competition

AMERICAN EXPERIENCE
Mine Wars

 

Go inside the bitter battle to unionize coal miners at the dawn of the 20th century. The struggle over the power that fueled America led to the largest armed insurrection since the Civil War, and turned parts of West Virginia into a bloody war zone.

 

 

 

HIKI NŌ
2019 HIKI NŌ Spring Challenge

 

This special edition features stories from the 2019 HIKI NŌ Spring Challenge. On April 26, 2019, participating middle school and high school teams were given four days to complete a HIKI NŌ story based on the theme: “The unappreciated beauty of simple, everyday things.” Teachers could not provide hands-on help. The students had to conceptualize, research, arrange, shoot, write and edit their stories on their own. The completed stories were scored by members of the HIKI NŌ editorial board based on the following criteria:

 

1.) How well did the story capture the essence of the assigned theme?

2.) How well did the entry fulfill the HIKI NŌ Story Criteria (the criteria used throughout the school year to determine which stories are approved to air on HIKI NŌ)?

3.) How much did production values (the quality of the cinematography, editing and sound) contribute to the overall effectiveness of the story?

 

Based on the cumulative scores, first-place, second-place and third-place awards were given in both the middle school and high school divisions. An honorable mention prize was awarded if the judges felt that a story which did not place first, second or third deserved special recognition. The following awardees will be featured in the special:

 

HIKI NO #1019: HIKI NŌ Spring Challenge

 

First Place in the High School Division: Moanalua High School on Oʻahu features sophomore Rogue Williams, who has cerebral palsy and other physical conditions that make walking a challenge. Rogue expresses how the simple act of walking can be taken for granted.

 

First Place in the Middle School Division: Maui Waena Intermediate School in Kahului, Maui features a mixed-martial-arts trainer who has come to appreciate the simple joys of his extended family of co-workers and clients.

 

Second Place in the High School Division: Maui High School in Kahului tells how residents of a domestic violence shelter have come to appreciate the simple joy of being in a safe place.

 

Second Place in the Middle School Division: Kamehameha Schools Maui Middle School in Pukalani spotlights a business that brings back the simple, everyday joy of having fun.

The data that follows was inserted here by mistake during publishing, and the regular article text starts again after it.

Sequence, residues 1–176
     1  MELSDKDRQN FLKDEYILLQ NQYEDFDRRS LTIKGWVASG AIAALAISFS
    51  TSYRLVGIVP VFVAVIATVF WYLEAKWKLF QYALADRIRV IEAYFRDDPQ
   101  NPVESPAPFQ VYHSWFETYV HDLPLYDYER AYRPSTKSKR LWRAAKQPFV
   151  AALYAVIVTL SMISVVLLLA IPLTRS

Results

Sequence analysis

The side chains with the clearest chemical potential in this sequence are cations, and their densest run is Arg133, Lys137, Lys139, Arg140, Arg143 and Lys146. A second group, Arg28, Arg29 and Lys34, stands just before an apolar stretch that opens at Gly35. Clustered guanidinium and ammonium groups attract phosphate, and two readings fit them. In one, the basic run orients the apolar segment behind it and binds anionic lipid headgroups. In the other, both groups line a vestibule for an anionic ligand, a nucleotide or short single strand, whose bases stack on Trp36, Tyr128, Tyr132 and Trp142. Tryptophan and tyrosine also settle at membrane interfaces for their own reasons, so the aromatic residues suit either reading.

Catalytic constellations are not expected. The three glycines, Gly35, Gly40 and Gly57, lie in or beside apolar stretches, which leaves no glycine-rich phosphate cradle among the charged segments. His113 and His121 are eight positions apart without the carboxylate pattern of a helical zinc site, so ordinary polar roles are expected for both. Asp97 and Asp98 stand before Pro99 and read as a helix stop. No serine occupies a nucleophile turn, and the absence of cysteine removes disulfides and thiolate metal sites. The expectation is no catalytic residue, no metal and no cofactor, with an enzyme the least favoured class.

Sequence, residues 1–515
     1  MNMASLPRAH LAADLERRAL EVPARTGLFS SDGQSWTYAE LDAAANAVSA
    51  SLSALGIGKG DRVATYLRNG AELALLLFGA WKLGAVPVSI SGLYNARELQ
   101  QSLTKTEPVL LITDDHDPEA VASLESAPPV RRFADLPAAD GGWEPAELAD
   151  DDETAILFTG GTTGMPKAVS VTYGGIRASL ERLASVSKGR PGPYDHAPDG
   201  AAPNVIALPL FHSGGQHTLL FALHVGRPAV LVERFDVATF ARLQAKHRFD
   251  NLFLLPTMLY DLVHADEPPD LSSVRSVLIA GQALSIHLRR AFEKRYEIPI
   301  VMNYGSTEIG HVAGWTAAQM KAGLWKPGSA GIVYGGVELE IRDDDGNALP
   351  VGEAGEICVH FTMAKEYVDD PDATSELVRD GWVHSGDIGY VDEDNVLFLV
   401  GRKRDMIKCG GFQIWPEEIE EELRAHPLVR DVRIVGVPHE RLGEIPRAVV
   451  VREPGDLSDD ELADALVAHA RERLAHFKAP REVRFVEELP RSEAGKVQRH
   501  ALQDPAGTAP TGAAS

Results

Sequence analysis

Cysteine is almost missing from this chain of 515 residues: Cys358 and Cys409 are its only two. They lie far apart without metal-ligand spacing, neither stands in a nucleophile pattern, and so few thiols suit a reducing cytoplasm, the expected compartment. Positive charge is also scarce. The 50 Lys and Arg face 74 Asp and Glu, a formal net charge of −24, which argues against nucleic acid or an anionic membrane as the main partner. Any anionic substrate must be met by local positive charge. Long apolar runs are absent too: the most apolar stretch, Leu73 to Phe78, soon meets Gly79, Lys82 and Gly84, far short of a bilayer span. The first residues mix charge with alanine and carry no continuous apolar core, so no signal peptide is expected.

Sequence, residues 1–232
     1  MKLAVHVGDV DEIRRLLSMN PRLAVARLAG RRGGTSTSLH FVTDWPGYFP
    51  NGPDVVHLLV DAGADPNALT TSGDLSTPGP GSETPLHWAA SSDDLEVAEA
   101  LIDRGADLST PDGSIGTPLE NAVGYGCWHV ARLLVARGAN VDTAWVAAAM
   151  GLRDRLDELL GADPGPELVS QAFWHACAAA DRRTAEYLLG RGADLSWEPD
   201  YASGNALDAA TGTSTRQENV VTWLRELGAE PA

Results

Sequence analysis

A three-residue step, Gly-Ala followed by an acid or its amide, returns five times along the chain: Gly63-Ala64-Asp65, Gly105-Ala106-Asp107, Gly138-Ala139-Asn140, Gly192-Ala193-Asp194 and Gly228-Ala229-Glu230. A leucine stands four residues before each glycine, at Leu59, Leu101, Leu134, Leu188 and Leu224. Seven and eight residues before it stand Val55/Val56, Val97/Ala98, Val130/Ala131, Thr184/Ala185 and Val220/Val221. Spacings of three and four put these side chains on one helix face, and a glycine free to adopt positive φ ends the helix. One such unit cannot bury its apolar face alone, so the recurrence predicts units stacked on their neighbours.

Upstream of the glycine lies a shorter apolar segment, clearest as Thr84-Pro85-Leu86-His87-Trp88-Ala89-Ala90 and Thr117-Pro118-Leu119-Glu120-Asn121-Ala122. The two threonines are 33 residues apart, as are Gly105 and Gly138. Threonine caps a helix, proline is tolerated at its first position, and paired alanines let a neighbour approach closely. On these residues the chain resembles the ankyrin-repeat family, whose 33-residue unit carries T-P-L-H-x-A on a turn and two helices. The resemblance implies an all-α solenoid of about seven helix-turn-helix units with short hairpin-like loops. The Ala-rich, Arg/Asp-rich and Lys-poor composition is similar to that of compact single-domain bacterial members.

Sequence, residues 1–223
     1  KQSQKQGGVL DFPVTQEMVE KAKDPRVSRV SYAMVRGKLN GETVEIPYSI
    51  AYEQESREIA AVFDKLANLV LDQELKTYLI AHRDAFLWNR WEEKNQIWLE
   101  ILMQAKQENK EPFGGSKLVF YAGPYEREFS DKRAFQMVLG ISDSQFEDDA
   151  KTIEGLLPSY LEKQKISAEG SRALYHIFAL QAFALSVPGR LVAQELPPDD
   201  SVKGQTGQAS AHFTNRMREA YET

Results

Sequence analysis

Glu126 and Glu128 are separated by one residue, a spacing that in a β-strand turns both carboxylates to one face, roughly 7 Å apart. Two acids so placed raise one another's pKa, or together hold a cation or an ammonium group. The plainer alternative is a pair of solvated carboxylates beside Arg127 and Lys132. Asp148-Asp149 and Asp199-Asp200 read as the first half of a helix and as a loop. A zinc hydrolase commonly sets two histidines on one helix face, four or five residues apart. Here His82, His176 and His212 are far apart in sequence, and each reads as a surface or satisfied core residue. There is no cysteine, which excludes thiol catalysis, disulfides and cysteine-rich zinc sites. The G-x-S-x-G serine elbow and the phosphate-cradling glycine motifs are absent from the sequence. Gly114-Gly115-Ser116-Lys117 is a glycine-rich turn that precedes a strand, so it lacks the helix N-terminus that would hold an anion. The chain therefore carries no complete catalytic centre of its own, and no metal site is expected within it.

Third Place in the High School Division: Kapaʻa High School on Kauaʻi features a water safety officer who remembers to appreciate the simple beauty of the ocean.

 

Third Place in the Middle School Division: Ewa Makai Middle School on Oʻahu focuses on the beauty in the simple, commonplace ritual of lei-giving.

 

An Honorable Mention in the High School Division was awarded to Kalāheo High School in Windward Oʻahu for their study of a simple, everyday beauty product: lipstick.

 

First-place winners will receive $500 worth of production equipment for their school’s media program. Second-place winners will receive $300 worth of production equipment for their school’s media program.  Third-place winners will receive $200 worth of production equipment for their school’s media program. The Honorable mention winner will receive $100 worth of production equipment for their school’s media program.

 

 

 

HIKI NŌ
#1013 – The 2019 HIKI NŌ Winter Challenge

HIKI NŌ 1013: The 2019 HIKI NŌ Winter Challenge

 

This special edition features stories from the 2019 HIKI NŌ Winter Challenge. On February 1, 2019, 12 participating middle school teams and nine participating high school teams were given four days to complete a HIKI NŌ story based on the Hawaiian value of kuleana (to take responsibility). Teachers could not provide hands-on help. The students had to conceptualize, research, arrange, shoot, write and edit their stories on their own. The completed stories were scored by members of the HIKI NŌ editorial board based on the following criteria: